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For the Love of Pets

Josee Manon

Oct 31, 2022

The Real Pet Cemetery

When you look back in time, historically Humans have always shown their appreciation for pets. For example, many moons ago, Egyptians were known to worship their cats. These felines were a symbol of the Goddess Bastet herself, the Goddess of protection, pleasure and the bringer of good health.

Today, we still hold our pets on the highest pedistal. We surround ourselves with animals, whether it be TikTok videos, Instagram, memes, etc. Very few choose to argue that animals are just the best part of our day. The French are no strangers to the love one shares for a pet. In fact, France is actually one of the most dog friendly places. You can bring your dog to the restaurant, public transporation, beaches and many more places, as long as your pet behaves and follows the laws and rules applied to certain locations.

Who would have known?

Knowing this, it should be no surprise that in France they have one of the most beautiful and serene cemeteries dedicated to domestic animals; "Le Cimetières des chiens et autres animaux domestiques” which translates to "the Cemetary for dogs and other domestic animals."

This masterpiece is located in Asnières-sur-Seine, France and was created in 1899. The first thing you notice as you cross the Seines is the jaw dropping stone entrance that was created by noted architect Eugène Petit in “Art nouveau” style. This cemetery was once a dog only cemetery. However, as the years went on, they have opened their doors for other type of animals. It officially has been divided into four separate sections: one for dogs, one for cats, one for birds and the final quarter is for “miscellaneous” pets where horses, hens and even Kiki the monkey now rest in peace.

Written on Kiki’s tomb is a heart wrenching notation from her owner: "Sleep my dear. You were the joy of my life.”

Who else lies there you may ask? There's the creepily named Drac, the dog of the exiled Princess of Romania; and memorials to WWI trench dogs and horses fallen in service of their country.

There is a grand tomb stone that is located right at the entrance way that is very hard to miss. This one is for Barry, a WWI trench dog. Barry’s extravagant monument is not good enough for this pooch.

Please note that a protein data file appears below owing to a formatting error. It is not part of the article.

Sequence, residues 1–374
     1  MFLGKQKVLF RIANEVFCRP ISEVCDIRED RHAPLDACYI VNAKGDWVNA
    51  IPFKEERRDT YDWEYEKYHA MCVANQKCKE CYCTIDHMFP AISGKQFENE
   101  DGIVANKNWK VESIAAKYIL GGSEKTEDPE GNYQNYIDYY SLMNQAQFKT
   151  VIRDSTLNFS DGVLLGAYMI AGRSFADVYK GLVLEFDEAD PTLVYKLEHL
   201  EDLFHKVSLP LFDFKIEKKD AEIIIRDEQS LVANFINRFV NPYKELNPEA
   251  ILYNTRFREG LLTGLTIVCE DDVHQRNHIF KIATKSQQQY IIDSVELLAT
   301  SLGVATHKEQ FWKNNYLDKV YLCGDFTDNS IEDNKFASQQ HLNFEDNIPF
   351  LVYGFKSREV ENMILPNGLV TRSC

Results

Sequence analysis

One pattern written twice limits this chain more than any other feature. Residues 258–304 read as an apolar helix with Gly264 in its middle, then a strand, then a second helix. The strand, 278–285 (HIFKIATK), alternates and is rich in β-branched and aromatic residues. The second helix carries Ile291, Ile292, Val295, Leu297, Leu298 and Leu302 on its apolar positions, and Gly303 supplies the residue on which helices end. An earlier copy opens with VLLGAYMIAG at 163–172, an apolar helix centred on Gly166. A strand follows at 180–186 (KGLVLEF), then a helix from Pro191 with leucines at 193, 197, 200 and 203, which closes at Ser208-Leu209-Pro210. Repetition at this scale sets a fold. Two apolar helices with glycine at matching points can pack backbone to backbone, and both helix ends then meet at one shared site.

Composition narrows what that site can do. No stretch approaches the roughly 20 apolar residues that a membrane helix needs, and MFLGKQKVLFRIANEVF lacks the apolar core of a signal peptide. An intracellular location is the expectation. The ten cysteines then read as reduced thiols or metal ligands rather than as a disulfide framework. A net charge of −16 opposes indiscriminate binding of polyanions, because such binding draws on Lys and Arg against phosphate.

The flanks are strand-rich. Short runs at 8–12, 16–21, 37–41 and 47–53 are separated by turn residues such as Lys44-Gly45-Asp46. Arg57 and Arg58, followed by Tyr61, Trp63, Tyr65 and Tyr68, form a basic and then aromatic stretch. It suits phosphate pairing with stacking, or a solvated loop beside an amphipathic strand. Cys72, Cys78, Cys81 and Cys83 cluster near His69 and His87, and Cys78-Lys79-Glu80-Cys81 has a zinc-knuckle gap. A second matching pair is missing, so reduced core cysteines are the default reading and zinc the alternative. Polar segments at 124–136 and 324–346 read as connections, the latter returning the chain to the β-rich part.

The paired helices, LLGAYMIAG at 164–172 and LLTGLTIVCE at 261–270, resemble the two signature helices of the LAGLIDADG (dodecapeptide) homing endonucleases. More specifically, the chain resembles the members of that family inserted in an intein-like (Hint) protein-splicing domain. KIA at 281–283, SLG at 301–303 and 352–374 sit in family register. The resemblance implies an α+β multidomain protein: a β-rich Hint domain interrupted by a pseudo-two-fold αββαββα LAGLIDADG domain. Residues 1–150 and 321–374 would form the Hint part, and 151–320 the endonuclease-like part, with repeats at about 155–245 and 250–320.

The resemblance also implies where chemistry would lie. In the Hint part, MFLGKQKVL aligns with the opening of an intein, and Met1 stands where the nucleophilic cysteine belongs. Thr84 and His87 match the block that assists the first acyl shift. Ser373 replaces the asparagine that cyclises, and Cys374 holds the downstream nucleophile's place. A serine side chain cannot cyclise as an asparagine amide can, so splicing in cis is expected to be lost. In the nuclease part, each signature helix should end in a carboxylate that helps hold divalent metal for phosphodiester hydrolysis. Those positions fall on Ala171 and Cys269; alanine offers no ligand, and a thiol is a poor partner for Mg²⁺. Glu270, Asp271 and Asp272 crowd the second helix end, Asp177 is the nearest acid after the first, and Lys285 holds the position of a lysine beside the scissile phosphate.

He dragged 40 injured people away from the battlefield. Unfortunately, when Barry went back to save the 41st person he did not make it. Researching Barry’s story, it’s hard to pin-point what exactly happened to him. Some people have said that Barry died rescuing people after an avalanche, some say that he was shot in combat in WWI.

Either way the remains of this beautiful boy are not buried there. He is taxidermized and displayed in the Bern Natural History Museum.

Another popular pooch buried here is no other than Hollywood famous Rin Tin Tin (September 1918 – August 10, 1932). This German Shepherd was rescued from WWI battlefield and was taken in by an American Soldier, Lee Duncan, who trained and helped him shoot into stardom. He was featured in 27 silent films.

Everybody loved Rin Tin Tin. So much so that German Shepherds were in popular demand. Everybody wanted a Rin Tin Tin of their own.

The current care givers of the cemetery also help with the local strays in the community.

Instead of mausoleums, many of the tombs are stone dog houses. There is a house at the back of the cemetery where they take care of stray cats.

When you go visit this historical site, which is highly recommended to do so if you are in the area, a small entrance fee of 3.5 Euros is paid. Then you are free to wander the tombs.

In conclusion, people today still treat their beloved animals as a family member (sometimes even more than family members, let’s be real). We want nothing but to immortalize the memory of our friends that, one day, inevitably will cross over that rainbow bridge. If this is something you would like to do for your pet they are still accepting new guests to the cemetery. The price does vary depending on the size of the animal. You can even choose to rent the plot for a certain amount of time.

Is this something you would be open to?

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